Students are typically given a question that is open-ended and has the potential to have multiple different solutions that are correct (Chun, 2010; McTighe, 2015). As is the case in the vast majority of real-life scenarios, a sense of urgency is present in the higher-level activities, where it is imperative that either the product or the process be developed.
How can teachers create performance-based assessments for their students?
My most recent project involved developing a performance-based assessment for a lesson on probability in conjunction with a math instructor at a high school. The following is a condensed and simplified form of our planning, which is mostly based on the process of backward design:
1. Determine the performance-based assessment’s desired end results.
In this specific situation, the instructor desired for her students to demonstrate their capacity for critical thinking as well as problem-solving skills. In addition to that, she desired for them to complete this evaluation with a greater sense of uniqueness and less dependence on one another. The instructor did not want the students to rely on her direction regarding how to complete each phase of the evaluation because she wanted the students to take responsibility for their own learning.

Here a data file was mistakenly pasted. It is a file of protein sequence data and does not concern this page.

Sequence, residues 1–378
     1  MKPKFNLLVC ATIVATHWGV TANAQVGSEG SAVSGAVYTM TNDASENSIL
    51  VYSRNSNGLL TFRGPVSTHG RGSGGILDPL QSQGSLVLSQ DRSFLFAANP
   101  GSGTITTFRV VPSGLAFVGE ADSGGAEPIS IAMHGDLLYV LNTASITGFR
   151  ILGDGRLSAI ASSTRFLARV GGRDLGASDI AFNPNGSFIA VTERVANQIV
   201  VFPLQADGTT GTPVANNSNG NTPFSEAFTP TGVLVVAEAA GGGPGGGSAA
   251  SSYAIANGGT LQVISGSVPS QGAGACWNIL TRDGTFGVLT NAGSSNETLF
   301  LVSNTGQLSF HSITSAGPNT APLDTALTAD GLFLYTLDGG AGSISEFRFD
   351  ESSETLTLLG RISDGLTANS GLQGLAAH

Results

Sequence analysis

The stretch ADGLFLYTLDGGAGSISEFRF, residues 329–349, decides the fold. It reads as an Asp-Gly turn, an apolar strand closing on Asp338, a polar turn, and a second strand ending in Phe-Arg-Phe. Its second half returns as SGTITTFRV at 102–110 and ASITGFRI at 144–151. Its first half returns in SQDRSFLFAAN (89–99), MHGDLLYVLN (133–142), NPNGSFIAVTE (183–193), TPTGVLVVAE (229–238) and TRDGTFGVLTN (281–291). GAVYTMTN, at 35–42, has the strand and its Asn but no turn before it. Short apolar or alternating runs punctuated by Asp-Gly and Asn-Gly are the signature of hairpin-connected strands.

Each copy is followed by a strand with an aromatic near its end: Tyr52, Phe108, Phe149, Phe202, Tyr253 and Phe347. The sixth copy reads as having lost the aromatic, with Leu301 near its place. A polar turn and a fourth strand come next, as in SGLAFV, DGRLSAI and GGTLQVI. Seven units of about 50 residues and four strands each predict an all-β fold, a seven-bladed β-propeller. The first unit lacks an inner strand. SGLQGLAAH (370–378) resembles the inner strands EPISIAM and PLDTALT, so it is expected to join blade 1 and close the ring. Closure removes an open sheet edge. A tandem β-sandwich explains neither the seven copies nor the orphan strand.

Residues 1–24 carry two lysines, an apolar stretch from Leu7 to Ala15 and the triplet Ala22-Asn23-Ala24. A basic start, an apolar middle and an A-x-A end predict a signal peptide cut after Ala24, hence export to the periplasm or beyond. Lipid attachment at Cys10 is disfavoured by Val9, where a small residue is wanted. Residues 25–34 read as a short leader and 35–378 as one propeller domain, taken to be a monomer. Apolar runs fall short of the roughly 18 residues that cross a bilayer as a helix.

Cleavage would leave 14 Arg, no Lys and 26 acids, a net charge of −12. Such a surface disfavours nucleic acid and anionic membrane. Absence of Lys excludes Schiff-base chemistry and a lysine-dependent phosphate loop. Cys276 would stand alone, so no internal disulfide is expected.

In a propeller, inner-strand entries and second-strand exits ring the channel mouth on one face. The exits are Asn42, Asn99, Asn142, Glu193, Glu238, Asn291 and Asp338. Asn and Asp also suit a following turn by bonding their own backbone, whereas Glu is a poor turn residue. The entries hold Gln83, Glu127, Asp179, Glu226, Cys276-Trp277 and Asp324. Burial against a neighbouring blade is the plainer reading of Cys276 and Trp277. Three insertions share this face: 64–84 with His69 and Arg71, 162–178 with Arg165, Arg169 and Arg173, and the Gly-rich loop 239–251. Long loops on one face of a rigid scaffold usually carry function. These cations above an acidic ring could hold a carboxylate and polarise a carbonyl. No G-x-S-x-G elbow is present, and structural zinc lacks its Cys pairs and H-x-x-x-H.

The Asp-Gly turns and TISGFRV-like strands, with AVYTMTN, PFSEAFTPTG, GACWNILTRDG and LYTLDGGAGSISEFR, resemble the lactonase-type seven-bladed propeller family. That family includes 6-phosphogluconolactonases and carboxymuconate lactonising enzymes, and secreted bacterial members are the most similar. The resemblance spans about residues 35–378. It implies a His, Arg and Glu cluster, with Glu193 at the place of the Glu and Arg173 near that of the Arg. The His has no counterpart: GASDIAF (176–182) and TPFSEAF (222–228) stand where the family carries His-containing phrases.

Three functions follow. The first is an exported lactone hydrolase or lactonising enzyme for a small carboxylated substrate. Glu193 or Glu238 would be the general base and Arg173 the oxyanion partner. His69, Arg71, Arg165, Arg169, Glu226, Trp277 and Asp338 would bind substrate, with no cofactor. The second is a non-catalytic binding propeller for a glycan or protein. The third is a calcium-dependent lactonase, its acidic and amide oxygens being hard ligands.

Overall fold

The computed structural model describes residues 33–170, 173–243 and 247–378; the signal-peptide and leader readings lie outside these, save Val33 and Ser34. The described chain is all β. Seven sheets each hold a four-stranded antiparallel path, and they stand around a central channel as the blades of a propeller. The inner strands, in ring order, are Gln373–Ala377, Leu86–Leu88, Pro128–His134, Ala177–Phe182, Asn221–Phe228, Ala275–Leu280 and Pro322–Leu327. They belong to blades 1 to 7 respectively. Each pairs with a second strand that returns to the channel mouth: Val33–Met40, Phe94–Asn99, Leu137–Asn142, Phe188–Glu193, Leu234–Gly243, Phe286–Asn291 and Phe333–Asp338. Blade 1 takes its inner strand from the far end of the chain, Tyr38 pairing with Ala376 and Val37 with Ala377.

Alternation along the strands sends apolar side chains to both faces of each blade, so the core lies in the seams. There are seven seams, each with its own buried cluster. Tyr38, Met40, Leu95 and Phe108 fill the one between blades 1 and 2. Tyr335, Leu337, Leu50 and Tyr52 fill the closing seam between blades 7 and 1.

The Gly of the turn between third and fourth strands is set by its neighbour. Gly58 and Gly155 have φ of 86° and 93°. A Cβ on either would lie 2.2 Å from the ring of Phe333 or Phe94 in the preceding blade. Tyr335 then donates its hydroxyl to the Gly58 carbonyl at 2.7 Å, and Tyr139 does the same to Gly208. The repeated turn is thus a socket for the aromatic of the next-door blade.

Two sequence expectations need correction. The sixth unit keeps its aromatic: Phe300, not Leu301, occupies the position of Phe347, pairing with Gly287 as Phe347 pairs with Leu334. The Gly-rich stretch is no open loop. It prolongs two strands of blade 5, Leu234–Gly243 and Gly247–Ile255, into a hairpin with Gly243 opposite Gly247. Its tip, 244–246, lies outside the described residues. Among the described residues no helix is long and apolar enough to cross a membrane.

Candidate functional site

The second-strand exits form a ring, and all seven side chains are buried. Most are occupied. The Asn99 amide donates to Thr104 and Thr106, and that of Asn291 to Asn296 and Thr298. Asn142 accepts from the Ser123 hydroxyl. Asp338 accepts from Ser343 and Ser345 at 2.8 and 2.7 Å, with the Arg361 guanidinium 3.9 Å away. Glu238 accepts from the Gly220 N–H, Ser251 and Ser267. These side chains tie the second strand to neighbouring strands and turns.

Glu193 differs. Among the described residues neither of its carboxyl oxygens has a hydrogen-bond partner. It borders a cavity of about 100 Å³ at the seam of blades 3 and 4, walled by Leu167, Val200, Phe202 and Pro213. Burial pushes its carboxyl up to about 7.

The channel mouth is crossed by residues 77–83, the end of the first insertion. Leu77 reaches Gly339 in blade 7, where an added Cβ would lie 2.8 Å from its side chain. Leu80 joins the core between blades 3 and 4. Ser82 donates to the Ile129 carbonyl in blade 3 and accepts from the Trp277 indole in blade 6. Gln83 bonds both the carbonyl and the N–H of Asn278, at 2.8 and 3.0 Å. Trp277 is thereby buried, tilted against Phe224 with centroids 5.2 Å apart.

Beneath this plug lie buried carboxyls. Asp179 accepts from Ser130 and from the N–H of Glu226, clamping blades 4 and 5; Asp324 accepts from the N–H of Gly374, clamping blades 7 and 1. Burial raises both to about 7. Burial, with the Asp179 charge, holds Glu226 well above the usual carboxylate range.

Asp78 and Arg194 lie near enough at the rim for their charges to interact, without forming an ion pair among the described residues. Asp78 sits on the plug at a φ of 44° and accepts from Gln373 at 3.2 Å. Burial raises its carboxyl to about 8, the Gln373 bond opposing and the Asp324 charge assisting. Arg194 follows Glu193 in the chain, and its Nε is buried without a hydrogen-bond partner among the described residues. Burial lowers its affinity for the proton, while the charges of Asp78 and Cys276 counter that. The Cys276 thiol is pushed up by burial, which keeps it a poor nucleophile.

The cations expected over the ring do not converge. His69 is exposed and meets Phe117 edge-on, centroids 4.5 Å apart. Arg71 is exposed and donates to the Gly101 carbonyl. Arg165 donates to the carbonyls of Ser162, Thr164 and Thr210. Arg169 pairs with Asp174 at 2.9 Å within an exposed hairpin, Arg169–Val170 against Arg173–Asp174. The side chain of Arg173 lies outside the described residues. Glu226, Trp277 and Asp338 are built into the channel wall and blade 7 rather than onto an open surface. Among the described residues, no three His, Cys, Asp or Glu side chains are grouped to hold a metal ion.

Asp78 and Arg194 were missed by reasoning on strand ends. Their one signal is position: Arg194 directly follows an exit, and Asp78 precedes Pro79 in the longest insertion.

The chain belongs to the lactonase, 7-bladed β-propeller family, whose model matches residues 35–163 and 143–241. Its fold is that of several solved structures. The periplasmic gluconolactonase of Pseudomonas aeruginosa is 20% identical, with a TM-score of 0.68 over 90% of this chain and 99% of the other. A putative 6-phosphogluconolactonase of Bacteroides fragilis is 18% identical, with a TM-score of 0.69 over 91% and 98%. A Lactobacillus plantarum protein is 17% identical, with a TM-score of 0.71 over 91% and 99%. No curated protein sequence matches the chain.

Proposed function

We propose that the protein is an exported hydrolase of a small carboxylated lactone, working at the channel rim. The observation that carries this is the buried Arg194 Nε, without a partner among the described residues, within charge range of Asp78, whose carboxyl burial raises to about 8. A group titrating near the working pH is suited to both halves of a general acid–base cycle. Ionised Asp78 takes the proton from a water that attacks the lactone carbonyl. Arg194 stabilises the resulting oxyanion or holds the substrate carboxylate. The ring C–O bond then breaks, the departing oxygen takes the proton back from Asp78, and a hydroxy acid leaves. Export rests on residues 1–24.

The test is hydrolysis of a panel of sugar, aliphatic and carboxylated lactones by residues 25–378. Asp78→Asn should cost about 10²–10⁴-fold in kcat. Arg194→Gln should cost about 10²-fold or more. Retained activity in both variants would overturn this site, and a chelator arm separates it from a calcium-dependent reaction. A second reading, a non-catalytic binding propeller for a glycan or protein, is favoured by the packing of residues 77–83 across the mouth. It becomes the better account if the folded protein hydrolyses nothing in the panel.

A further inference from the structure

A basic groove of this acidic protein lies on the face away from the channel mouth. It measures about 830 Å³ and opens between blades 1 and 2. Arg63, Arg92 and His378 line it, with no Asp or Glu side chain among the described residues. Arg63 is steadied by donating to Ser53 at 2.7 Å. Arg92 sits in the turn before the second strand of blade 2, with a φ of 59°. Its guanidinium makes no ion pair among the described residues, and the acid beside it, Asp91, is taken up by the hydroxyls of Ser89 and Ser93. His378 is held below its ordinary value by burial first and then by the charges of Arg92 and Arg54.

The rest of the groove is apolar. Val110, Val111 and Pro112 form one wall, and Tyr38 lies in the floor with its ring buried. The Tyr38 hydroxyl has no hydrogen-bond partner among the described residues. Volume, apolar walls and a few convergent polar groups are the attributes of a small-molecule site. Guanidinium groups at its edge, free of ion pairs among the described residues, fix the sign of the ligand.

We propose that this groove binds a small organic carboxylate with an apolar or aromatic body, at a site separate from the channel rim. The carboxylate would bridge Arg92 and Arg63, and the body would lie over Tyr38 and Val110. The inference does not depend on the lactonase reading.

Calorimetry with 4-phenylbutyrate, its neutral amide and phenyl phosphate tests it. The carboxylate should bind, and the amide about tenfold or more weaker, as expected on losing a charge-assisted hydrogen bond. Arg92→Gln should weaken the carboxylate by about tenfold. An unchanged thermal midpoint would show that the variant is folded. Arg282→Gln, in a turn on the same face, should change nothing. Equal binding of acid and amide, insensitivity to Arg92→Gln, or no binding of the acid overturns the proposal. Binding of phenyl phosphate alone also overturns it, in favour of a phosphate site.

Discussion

2. Choose the course requirements that are applicable.
She chose the Common Core standards that would be addressed with this performance evaluation once it had been determined what the goals would be. She came to the conclusion that the evaluation should test the students’ comprehension of rules of probability as well as conditional probability.
3. Go back over the evaluations and locate any knowledge gaps.
This was a very significant stage in the process. We took a look at the worksheets that the students were working on at the moment as part of the unit. A significant portion of the homework consisted of creating two-way frequency tables. After that, we investigated what was lacking and discovered that there was a remarkably limited amount of pertinent real-world applicability. As a consequence of this, we made the decision to design a performance-based evaluation that was also grounded in the actual world. Additionally, in order to complete this job, students will need to examine two-way frequency tables, in addition to various charts and graphs.
4. Construct the possible outcomes.
After coming up with a number of potential situations, we finally agreed on one in which the students would be the ones to decide whether or not a person should be granted parole or allowed to remain in prison. This scenario consisted of the following five important components:
Setting \sRole \sAudience
Duration of the product (See the Public Comments Session example below.)
5. Acquire or make the necessary materials.